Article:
The company also agreed to provide Buck with executive outplacement services and continue to subsidize his health insurance premiums for up to 18 months.

    In return, Federal Signal gets silence. A copy of the agreement with Buck, filed with the SEC, indicates he was prohibited from even disclosing the existence of a severance agreement, let alone the terms.

    The agreement also dictates that Buck not "take any actions or make any statements to the public, future employers, current, former or future Company employee, or any other third party whatsoever that disparage or reflect negatively on the Company, and its affiliates, and its and their officers, directors or employees."

    A separate agreement with another former executive who resigned last year, Karen Latham, used similar language. Latham, the company's vice president and treasurer, resigned last August. She received a total of $235,713 in cash, plus subsidized insurance and outplacement assistance.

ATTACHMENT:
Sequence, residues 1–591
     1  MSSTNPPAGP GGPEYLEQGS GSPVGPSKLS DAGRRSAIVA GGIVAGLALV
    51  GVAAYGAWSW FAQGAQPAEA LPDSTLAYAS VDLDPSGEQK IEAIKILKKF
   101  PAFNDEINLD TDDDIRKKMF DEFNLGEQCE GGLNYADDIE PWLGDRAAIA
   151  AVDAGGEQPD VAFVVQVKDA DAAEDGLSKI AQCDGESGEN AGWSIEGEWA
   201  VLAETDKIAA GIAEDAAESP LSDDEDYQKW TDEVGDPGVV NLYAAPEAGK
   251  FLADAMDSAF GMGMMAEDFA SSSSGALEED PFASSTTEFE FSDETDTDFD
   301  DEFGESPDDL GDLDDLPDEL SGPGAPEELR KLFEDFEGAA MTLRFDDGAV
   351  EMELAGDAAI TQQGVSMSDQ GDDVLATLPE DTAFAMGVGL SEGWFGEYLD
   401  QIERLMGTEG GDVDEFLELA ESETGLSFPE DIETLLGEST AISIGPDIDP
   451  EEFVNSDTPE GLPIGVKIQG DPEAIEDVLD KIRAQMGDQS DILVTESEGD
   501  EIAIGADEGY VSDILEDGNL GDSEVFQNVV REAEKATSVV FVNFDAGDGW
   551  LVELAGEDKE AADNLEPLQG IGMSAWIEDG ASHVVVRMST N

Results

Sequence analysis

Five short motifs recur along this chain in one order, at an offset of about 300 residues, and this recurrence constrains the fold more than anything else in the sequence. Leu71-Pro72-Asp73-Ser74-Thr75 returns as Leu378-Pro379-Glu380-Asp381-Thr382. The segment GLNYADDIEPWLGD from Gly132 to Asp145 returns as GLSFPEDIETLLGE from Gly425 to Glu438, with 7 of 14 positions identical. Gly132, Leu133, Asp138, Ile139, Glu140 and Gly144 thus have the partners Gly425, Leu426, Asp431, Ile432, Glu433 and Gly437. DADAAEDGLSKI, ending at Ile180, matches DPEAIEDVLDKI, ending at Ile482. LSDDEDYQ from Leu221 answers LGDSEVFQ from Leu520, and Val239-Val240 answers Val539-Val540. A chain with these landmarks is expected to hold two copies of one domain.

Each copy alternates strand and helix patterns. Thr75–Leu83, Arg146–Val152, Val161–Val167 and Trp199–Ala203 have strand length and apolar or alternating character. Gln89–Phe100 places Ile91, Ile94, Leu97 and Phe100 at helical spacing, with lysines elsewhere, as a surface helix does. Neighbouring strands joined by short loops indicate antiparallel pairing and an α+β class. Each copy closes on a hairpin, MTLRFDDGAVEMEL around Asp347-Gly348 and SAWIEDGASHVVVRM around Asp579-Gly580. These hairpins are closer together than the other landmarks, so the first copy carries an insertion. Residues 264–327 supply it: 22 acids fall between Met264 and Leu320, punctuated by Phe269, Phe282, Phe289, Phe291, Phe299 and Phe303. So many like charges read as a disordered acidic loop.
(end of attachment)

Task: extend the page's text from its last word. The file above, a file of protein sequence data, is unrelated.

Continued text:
Should Buck or Latham - and, presumably, Gustafson - fail to comply with the confidentiality agreements, Federal Signal would have the right to sue for an injunction against them, and they could be liable for the company's legal costs.

    Federal Signal President Robert Welding and chief financial officer Stephanie Kushner said Thursday that the company will cut $10 million in fixed costs at E-One's Ocala operations by the end of the year, a move that likely will include job cuts.

    Rick Cundiff may be reached at rick.cundiff@starbanner.com or at (352) 867-4130.

  18. #18
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    Cool Gustafson may reap $500,000 severance

    Gustafson may reap $500,000 severance
    Package is in line with former E-One president's earnings

    BY RICK CUNDIFF
    STAR-BANNER